One theory around the office was that this scene was, at one point, a moral choice for the player that was cut due to budget constraints. Williams claimed this was not the case, arguing it would have cheapened the impact. This prompted Williams to wax philosophical about his own approach to game design.

“There’s a certain aspect to player agency that I don’t really agree with, which is the player should be able to do whatever the player wants and the world should adapt itself to the player’s desire,” he said. “That’s not the way that the world works, and with Spec Ops, since we were attempting to do something that was a bit more emotionally real for the player. [...] That’s what we were looking to do, particularly in the white phosphorous scene, is give direct proof that this is not a world that you are in control of, this world is directly in opposition to you as a game and a gamer.”

It’s this moment when it felt like Spec Ops was trolling the player, subverting traditional expectations of the designer-player relationship, especially for a game ostensibly about “choice.” This becomes especially uncomfortable as the game continues, Walker and his crew begin to unravel, the enemies become aware they’re dealing with insane, bloodthirsty soldiers, and one begins to wonder whether everything that’s happened in the past eight hours was a prelude to asking the player to consider whether they should be enjoying and celebrating this kind of video game.

Williams didn’t shy away from this idea.

“I actually consider that to be the real story of the game,” he said.

Spec Ops does not seem to make a definitive statement. It’s certainly playing devil’s advocate, but Williams doesn’t want players to come away with the impression that Yager, Williams, or 2K Games was out to advocate a particular stance. Rather, by the end, hopefully you’ve raised your own set of questions.

“Whether or not violent video games have an effect on us was not really the question that we were asking,” he continued, “but we were certainly saying ‘If we are going to say that we’re art, art has to affect us, and what does it say about us that these are the types of art that we chose to partake in? How does it really effect us to disconnect with that mentally?’ Because we have.”

Becoming self-aware can backfire, but Spec Ops does so subtly, gracefully, and effectively.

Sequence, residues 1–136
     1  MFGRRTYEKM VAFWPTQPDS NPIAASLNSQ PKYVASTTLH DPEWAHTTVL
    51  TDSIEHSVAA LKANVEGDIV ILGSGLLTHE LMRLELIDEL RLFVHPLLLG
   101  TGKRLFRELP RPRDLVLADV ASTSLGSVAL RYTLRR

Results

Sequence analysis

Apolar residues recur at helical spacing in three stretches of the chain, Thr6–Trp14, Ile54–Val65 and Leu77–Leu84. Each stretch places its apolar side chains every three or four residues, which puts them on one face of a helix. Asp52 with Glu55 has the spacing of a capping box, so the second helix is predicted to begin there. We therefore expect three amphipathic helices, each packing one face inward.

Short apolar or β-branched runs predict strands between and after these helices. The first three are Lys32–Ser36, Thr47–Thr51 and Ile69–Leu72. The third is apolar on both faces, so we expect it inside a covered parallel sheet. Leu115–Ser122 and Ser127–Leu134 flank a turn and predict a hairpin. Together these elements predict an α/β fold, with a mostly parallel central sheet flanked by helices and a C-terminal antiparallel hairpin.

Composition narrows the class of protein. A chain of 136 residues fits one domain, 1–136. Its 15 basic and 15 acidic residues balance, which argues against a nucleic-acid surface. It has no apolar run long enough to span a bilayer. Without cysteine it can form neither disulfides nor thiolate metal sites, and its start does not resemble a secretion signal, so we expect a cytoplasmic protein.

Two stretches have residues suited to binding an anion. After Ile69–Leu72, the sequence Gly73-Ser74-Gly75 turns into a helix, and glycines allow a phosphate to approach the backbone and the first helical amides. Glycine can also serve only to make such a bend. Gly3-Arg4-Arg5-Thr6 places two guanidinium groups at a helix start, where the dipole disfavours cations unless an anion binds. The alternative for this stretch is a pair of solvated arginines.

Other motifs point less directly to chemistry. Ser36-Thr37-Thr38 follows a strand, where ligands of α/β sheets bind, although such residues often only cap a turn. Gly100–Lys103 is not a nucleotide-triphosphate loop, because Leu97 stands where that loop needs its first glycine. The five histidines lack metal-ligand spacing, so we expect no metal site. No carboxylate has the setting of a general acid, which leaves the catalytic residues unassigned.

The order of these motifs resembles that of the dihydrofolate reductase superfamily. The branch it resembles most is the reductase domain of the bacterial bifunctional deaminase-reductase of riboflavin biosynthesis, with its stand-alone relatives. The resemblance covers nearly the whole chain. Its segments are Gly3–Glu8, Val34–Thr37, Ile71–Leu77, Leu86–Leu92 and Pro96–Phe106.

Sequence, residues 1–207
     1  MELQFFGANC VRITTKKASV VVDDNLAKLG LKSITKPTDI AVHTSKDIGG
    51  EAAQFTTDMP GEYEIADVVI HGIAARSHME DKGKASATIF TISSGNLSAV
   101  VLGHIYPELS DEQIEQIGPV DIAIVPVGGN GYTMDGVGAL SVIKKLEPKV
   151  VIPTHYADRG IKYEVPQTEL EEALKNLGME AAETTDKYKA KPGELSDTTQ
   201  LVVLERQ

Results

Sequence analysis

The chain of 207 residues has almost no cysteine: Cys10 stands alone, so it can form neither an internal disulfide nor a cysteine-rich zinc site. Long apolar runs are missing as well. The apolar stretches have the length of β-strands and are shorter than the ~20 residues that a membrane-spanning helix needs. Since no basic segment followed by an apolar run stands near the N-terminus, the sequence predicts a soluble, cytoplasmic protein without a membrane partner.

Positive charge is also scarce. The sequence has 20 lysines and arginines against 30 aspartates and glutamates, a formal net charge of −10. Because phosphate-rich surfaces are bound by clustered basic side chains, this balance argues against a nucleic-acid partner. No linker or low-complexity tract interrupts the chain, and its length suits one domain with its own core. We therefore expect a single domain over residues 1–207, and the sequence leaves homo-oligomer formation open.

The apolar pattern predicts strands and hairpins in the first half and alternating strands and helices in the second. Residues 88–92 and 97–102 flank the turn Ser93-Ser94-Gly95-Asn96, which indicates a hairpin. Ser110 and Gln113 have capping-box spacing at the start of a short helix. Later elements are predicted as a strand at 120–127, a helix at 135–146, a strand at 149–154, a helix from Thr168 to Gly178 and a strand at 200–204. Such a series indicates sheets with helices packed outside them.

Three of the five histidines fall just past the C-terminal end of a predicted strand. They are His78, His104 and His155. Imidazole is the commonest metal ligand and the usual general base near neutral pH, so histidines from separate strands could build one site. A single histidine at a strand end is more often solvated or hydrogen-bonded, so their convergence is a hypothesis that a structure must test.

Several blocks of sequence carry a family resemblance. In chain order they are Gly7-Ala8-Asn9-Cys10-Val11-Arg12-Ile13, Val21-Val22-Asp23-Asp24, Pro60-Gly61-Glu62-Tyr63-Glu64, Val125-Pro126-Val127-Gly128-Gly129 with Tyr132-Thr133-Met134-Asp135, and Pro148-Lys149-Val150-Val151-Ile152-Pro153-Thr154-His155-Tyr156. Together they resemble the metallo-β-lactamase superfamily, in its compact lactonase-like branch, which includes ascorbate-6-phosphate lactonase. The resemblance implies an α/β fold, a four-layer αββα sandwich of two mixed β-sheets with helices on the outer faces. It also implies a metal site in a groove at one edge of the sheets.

Becoming self-aware can backfire, but Spec Ops does so subtly, gracefully, and effectively.

One of the more surprising ways the game plays with expectations are the loading screens. “This is all your fault,” reads one. These messages are traditionally meant to convey helpful hints or reinforce game mechanics important to the situation at hand. Though Spec Ops does have that early on, as madness surrounds Walker’s crew, even the usually handy tip screens turn against you. Williams said Microsoft and Sony never raised an issue with the decision to use the screens in this way, and it’s incredibly effective.

“In many ways, Spec Ops hates you, and it’s reacting to you, in the sense that, yes, we may have designed the game to work this way, but none of this would have happened, in the context of your experiencing it, if you had not put the game inside your system and played through it,” he said. “You are, within the context of you playing it, the cause of everything because you chose to play that game, and it is reacting back at you.”

The emotions weighing over the player when the credits roll are heavy, mixed, and contradictory, especially so if you experience the epilogue. I do feel bad sometimes for liking shooters, especially today’s awfully realistic ones, and Spec Ops was a useful outlet to explore these complicated questions. We know there is more at work than indulging in senseless violence, but Spec Ops forces us to ponder whether we’re pretending it’s not an issue at all.

“We shouldn’t be afraid to question our own medium,” he said. “It is ours to do with as we see fit. There is no problem in questioning what is your own and asking what it is that you want to do with it, and are we necessarily doing the right thing with it? I mean, that’s the other great thing about mediums, is that there is no right thing.”

Patrick Klepek on Google+